[R] Question About Repeat Random Sampling from a Data Frame
David Winsemius
dwinsemius at comcast.net
Mon Dec 21 17:23:43 CET 2009
On Dec 21, 2009, at 10:12 AM, Adam Carr wrote:
> Good Morning:
>
> I've read many, many posts on the r-help system and I feel compelled
> to quickly admit that I am relatively new to R, I do have several
> reference books around me, but I cannot count myself among the
> fortunate who seem to strong programming intuition.
>
> I have a data set consisting of 1637 observations of five variables:
> tensile strength, yield strength, elongation, hardness and a
> character indicator with three levels: (Y)es, (N)o, and (F)ail.
>
> My objective is to randomly sample various subsets from this data
> set and then evaluate these subsets using simple parameters among
> them tests for normality, shape and skewness. The data set is
> ordered by the character variable prior to sampling, and the samples
> are weighted to mirror representation in an overall, physical process.
>
> I am sampling the data set using this code:
>
> sample <- dataset[sample(1:1637, 500,
> prob
> =
> c
> (rep
> (163.7/1637,513),rep(245.5/1637,197),rep(1227.8/1637,927)),replace =
> TRUE),]
>
> What I would like to do is iterate this process to create many (say
> 500 or more) sampled sets of n=500 and then evaluate each set for
> the parameters of interest. I would actually be evaluating each
> variable within each subset for my characteristic of interest. I am
> familiar with sampling and saving single columns of data to do this
> sort of thing, but I am not sure how to accomplish this with a
> multiple-variable data set.
>
> For example, I am currently iterating this using a clunky process:
>
> mysamples<-list()
> for (i in 1:10){
> mysamples[[i]] <-
> dataset
> [ sample
> (1
> :
> 1637,100
> ,prob
> =
> c
> (rep
> (163.7/1637,513),rep(245.5/1637,197),rep(1227.8/1637,927)),replace =
> TRUE), ]
> }
>
Using lists to store intermediate results is not considered clunky in
R. (You might want to provide statistical justification for the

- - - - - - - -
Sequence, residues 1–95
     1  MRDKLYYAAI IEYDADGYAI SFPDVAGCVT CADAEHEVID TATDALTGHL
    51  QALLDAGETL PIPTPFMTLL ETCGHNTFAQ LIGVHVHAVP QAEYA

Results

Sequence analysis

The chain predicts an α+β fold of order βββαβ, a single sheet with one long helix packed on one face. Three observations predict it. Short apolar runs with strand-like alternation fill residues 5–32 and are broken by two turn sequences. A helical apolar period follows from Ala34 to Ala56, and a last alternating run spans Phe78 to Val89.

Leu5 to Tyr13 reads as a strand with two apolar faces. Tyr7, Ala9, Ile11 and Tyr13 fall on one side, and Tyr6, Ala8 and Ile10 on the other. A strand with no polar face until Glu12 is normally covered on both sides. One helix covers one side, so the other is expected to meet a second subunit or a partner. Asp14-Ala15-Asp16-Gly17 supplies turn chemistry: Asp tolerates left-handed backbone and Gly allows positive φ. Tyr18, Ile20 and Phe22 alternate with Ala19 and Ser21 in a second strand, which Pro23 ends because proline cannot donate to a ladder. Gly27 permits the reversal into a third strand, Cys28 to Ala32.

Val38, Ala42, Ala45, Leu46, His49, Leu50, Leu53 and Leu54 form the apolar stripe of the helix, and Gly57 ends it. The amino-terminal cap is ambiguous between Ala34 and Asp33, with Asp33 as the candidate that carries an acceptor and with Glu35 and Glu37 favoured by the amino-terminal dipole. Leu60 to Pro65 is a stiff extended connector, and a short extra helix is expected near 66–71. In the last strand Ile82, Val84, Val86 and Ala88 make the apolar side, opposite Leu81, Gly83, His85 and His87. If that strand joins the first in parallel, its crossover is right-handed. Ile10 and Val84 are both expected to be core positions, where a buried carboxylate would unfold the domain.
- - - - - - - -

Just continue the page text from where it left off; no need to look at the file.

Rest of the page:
otherwise puzzling sampling strategy.)
> But this leaves me with the additional task of defining each
> mysample[i] iteration and converting it to a form on which I can
> apply a standard statistical test like mean() or skewness() to the
> variable columns within each subset. I have attempted to iteratively
> convert these lists using this code:
>
> mat<-matrix(nrow=100,ncol=5)
> for (i in 1:length(mysamples))
> {mat[i]<-do.call('rbind',mysamples[i])}
It would help if you explained what you are attempting here in
ordinary English. There are 10 elements in mysamples, each of which is
a 100 x 5 dataframe, and mat is just one 100 x 5 matrix, which you
seem to be referencing incorrectly, given the fact that it has two,
rather than one, dimension. Furthermore, those dataframes may not be
of a uniform class, since you said you had character variable. Do you
really want these all in a character type matrix, which would be what
is likely to happen given R's requirement that matrix element be of
only one class? What you say above suggests not.
>
> but running the code generates the error message: number of items to
> replace is not a multiple of replacement length.
Because of the way you are referencing the matrix, probably. If you
wanted a 10 x 100 x 5 array, then create an array. In R, as far as I
can tell anyway, matrices are necessarily of 2 dimensions. Tables and
arrays can be of higher dimension.
> I have tried unsuccessfully, by reading many, many helpful r-help
> emails on this error, to understand my probably obvious mistake.
Sorting out such problems is best done with smaller test objects. I
was surprised to see that you thought it was necessary to convert
dataframes to matrices in order to calculate descriptive statistics.
Nothing could be farther from the truth. Furthermore, it for some
other more valid reason you wanted a list of matrices, there is a
perfectly good function that will convert a dataframe to a matrix,
data.matrix(), remembering of course that if there is a single
character variable in the dataframe, that the entire matrix will be of
type character.
>
> Based on the small amount that I think I know about R it seems to me
> that sampling the data frame and containing the samples in a list is
> likely a pretty inefficient way to do this task. Any help that any
> of you could provide to assist me in iteratively sampling the data
> frame, and storing the samples in a form on which I can apply other
> statistical tests would be greatly appreciated.
>
> Thank you very much for taking the time to consider my questions.
--
David Winsemius, MD
Heritage Laboratories
West Hartford, CT
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